However, Julia is still very young, and still evolving rapidly. But if any of the above is true, I am very interested!

So, over the last few days, I re-implemented an algorithm in Julia. The previous version of the algorithm was written in Python. The algorithm spends most of it's time in FFTs, thus I didn't expect big performance gains.

It is actually nice to have a language that is built for scientific computation. Coming from Python, it is refreshing to have array literals, ranges and mathematics available without importing anything. Much like Python, Julia also has a proper module system, comprehensions, and more than one function per file.

On the other hand, there are a few questionable design decisions as well. Julia uses 1-based, inclusive indexing (range[1:3] = [1 2 3] as opposed to Python's range[:3] = [0, 1, 2]). In practice, my experience is that I rarely need to add ±1 when indexing in Python, but I frequently need it in Julia/Matlab.

Also, Julia has no docstrings, which makes me sad. The whole documentation story is sad, really: Documentation is often incomplete, or missing altogether. Unit testing is not widespread at all, and still crude. 0.4 will apparently add docstrings using macros. This is ugly and doesn't work for one's own code, but it's certainly a step in the right direction. Those error messages would need some work, too.

All of that is hopefully just a symptom of Julia being young, and will improve over time. Similarly, signal processing functions are missing entirely, and I had to re-implement some. The community is growing rapidly, though, and a lot of missing functionality can be installed through the package manager already.

When it comes to writing code, there is a lot to like about Julia. Julia's type system does impose a bit of overhead, but it also grants immediate benefits: Many of Python's runtime errors happen at evaluation time and functions can easily document their arguments' types. Also, thinking strictly about types actually improved performance by a good 20% in my algorithm.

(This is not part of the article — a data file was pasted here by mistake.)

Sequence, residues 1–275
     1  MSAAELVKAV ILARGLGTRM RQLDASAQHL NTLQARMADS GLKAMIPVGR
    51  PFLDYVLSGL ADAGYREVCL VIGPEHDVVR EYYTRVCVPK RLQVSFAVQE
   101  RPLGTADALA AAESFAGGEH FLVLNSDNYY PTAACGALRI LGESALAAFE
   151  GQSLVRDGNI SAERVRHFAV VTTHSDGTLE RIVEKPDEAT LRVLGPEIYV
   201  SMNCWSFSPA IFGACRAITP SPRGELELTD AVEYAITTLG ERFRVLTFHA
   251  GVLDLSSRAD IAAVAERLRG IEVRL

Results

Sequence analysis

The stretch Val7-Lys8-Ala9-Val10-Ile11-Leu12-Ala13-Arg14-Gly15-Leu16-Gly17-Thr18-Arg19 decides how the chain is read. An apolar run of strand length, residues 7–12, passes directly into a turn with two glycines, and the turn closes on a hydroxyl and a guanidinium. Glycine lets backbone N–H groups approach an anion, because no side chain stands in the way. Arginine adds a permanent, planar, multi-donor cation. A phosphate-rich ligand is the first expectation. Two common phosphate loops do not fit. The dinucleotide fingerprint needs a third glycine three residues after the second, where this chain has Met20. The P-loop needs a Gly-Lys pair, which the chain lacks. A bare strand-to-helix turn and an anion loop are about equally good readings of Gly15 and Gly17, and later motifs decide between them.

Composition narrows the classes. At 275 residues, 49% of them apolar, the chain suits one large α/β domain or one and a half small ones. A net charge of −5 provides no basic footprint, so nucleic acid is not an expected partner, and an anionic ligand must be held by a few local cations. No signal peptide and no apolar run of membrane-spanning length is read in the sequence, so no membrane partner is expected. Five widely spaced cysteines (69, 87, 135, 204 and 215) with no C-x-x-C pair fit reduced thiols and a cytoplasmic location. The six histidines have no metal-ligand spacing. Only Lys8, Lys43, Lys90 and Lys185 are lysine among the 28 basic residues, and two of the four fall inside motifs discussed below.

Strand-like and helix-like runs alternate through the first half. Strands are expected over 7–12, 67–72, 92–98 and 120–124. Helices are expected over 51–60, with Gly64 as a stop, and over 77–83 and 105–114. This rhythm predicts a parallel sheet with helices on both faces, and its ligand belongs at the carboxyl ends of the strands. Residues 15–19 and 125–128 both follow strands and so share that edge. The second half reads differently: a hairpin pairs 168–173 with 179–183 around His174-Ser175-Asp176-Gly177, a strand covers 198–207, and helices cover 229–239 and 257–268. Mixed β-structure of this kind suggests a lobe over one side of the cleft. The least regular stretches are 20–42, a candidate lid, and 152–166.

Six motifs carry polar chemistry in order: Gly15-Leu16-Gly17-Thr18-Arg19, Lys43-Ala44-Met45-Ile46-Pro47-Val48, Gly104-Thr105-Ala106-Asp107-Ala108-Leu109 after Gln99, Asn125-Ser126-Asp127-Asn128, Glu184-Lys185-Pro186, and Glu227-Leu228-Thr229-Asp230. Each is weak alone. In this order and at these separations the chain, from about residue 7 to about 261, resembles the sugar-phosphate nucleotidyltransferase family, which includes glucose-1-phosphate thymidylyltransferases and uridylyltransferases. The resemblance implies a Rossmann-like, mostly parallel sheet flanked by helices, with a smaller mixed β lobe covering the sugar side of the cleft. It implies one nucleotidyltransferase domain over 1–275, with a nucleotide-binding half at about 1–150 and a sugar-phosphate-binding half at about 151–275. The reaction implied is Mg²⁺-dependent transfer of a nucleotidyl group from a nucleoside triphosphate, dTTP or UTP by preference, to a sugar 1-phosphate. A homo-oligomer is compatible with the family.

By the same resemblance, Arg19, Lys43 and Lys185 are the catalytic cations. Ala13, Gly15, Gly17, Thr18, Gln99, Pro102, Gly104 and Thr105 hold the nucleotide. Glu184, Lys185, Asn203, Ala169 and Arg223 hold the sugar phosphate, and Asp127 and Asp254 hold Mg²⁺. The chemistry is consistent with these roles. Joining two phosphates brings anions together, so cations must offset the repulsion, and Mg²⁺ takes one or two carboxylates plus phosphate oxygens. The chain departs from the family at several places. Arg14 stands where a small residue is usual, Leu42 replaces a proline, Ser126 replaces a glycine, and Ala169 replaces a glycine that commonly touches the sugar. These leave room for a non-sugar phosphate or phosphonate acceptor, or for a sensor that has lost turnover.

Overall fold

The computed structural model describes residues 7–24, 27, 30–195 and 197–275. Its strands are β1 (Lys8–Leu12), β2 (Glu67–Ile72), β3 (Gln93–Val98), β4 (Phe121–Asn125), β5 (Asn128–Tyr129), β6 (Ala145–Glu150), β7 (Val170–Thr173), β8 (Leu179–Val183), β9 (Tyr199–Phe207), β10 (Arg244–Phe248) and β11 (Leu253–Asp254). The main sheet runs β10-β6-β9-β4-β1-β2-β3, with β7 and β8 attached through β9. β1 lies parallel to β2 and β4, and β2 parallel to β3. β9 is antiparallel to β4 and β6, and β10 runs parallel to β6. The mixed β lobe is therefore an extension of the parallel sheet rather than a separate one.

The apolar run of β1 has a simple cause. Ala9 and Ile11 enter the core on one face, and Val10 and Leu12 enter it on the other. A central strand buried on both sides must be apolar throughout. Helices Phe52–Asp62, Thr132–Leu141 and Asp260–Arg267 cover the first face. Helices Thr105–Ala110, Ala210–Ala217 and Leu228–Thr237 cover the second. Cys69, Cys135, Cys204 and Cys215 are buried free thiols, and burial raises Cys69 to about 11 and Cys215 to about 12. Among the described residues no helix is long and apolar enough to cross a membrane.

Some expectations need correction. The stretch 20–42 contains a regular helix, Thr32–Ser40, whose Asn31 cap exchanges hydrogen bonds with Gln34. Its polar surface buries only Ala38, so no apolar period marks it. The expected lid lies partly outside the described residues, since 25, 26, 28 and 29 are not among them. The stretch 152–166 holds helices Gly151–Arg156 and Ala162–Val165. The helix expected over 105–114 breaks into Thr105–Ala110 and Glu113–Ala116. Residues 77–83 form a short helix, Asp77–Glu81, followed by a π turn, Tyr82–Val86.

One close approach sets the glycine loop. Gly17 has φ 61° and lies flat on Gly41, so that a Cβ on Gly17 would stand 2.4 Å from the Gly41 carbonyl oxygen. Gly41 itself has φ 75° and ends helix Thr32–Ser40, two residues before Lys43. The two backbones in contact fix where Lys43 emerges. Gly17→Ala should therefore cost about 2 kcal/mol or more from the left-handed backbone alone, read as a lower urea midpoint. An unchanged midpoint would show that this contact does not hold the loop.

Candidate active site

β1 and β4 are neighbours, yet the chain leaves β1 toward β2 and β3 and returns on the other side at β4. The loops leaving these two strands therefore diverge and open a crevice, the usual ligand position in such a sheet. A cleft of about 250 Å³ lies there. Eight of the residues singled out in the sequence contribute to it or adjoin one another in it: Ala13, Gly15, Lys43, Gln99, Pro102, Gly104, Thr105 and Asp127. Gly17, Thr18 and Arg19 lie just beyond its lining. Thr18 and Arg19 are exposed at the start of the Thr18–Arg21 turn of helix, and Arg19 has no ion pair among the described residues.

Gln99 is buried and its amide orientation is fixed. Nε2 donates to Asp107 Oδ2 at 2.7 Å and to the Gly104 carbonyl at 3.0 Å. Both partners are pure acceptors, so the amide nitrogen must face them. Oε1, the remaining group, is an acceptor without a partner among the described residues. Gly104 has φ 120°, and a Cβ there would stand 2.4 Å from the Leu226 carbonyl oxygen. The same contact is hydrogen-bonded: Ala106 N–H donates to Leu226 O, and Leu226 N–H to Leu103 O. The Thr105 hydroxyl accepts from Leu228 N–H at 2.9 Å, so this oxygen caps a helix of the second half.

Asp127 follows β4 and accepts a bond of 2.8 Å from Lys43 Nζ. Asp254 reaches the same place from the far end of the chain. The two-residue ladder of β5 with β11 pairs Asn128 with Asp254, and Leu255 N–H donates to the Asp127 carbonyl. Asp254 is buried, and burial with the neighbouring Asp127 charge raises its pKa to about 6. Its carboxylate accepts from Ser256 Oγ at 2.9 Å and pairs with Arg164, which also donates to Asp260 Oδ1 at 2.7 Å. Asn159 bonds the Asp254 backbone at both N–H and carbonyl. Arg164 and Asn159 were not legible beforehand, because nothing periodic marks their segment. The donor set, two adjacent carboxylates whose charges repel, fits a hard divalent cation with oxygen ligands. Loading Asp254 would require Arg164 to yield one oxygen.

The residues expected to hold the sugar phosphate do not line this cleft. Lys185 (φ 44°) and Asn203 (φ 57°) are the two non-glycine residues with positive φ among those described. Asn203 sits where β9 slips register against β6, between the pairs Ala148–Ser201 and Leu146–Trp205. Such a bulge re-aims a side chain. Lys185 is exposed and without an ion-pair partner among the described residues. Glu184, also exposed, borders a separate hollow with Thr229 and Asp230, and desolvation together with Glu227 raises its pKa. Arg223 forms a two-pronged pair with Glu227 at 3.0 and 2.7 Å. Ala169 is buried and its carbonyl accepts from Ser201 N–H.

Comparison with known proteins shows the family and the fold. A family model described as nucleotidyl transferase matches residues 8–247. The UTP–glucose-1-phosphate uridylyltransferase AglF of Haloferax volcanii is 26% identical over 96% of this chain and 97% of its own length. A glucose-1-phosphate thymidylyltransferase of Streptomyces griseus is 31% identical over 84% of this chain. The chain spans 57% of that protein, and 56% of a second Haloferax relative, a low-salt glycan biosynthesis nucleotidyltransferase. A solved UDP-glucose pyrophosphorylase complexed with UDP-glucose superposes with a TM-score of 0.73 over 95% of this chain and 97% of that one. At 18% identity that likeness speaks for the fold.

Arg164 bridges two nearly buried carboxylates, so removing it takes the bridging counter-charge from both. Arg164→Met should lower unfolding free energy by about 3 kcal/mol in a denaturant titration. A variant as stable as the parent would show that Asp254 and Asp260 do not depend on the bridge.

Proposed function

And finally, Performance is surprisingly good! Although my algorithm spends almost all of its time doing FFTs, Julia performed about twice as fast as Python. This is pretty much exactly twice as much as I had expected! It also exposed more of the features of the underlying libraries, which could be used for another speed-up of some 10%.

At the end of the day, Julia clearly isn't mature yet, but very promising. Documentation and libraries will no doubt grow, and performance is already excellent. I'll definitely keep an eye on it, and will experiment further when the opportunity presents itself.

01 Jan 2015

The 31. Chaos Communication Congress

Every year, between Christmas and New Year's Eve, a very special convention is held: The Chaos Computer Club hosts the Chaos Communication Congress. Among my peers, this is just "The Congress", the real highlight at the end of our year.

Don't be fooled by the name though, The Congress is not just some conference, with talks and meetings and business cards. The Congress is where every internet citizen, technologist, hacker, DIYer, net-politician, programmer, computer scientist, or geek convenes to exchange ideas. It is a place of levity, amazement and enlightening.


The Congress lasts four days, and every day is packed full of exciting talks. My favorites:

All of these talks and many more are also available online, and I highly recommend you watch some of them. But The Congress is not just talks; this is where all the German hackspaces and user groups meet and present their projects. Walking through the halls, there are laser shows, quadrocopters, 3D printers, stitching machines, automatic cocktail mixers, mechanical and human musicians, and so much more.


At its core though, this is a place where a bunch of like-minded people meet and take over a convention center. The Congress happens in the CCH, the Hamburg Convention Center. Over the course of the four days of The Congress, this building transforms from a sterile business location to a colorful geek-party. Within a day, all the lights in the building are somehow turned colorful, a pneumatic tube network sends messages across the building, there are lounges and coffee rooms, and strange and beautiful sculptures of light and electronics show up all over the place. Just walking across this cornucopia of light and sound is a treat for the senses.

And this is just the natural thing that happens if you let a bunch of creative people do their thing. It is really a crowd like no other: Nowhere else have I seen such an open-minded and approachable crowd. There are no unpleasant drunk people, no fights, no harassment. All over the place, people talk to strangers, adults and children build things together, and men and women interact as equals.

The Congress is really unique. I can't recommend it enough. If you can free up those four days between Christmas and New Year's Eve at all, go there. You won't regret it!